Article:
- Fitbit on Monday launched a new iteration of one line of its wearable devices, including SpO2 sensing to detect changes in blood oxygen levels, which could indicate problems such as sleep apnea or asthma.
- Charge 3, which rolls out in October for $150, includes more than 14 goal-based exercise modes and female health tracking.
- The company also announced a new Sleep Score beta, available later this year, that uses heart rate sensors to provide a nightly score and more complete picture of a user's sleep quality.
While it churns out features to its Charge 3 fitness tracker, Fitbit continues to work with FDA to validate clinical uses for its wearables, including in sleep apnea and atrial fibrillation. The San Francisco-based firm is one of nine companies participating in the agency's software precertification pilot program, which aims to smooth certification for developers of low-risk software-based medical devices. Other companies in the pilot include Apple and Johnson & Johnson.
In May, Fitbit introduced new health apps and clock faces for conditions like diabetes and certain cancers. The apps also offer ways for clinical researchers, health plans and employers to support users as they go about their daily activities, according to the company.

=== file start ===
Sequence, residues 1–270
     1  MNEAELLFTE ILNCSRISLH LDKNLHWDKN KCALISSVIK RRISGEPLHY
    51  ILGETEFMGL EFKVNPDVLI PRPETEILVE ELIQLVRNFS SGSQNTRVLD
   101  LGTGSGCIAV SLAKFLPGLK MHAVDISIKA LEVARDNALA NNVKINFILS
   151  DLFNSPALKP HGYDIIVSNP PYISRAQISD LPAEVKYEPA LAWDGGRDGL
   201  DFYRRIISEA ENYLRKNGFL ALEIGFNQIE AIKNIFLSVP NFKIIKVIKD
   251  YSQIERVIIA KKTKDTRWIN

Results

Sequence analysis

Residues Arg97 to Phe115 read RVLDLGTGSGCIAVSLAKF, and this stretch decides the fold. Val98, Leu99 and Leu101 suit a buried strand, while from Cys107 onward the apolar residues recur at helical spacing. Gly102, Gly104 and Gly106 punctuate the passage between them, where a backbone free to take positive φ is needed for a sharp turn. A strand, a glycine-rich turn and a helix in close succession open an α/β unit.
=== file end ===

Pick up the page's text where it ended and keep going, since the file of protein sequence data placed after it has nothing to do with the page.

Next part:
"Fitbit continues to harness its data to give users actionable insights into their health and wellness," Shelten Yuen, vice president of research at Fitbit, said in a statement. "In the future, we hope to provide more guidance to our users to reduce the risk of disease so they can become the healthiest versions of themselves."
The company has been steadily making inroads into the clinical space. A study in the Annals of Behavioral Medicine showed that having patients use a Fitbit during hospitalization can lower patient readmissions after surgery for metastatic peritoneal cancer.
And Fitbit recently teamed up with Google to push patient-generated data into health records. The venture will combine Google Cloud's Healthcare API with Fitbit's recently-acquired Twine Health platform to bring together user data and individual health records so doctors can tailor care to a patient's needs.
Rivals including Apple are also eying the space. Recent studies at Cleveland Clinic and Mayo Clinic showed AliveCor's KardiaBand app for Apple Watch to be useful in detecting atrial defibrillation and high potassium levels in the blood, respectively.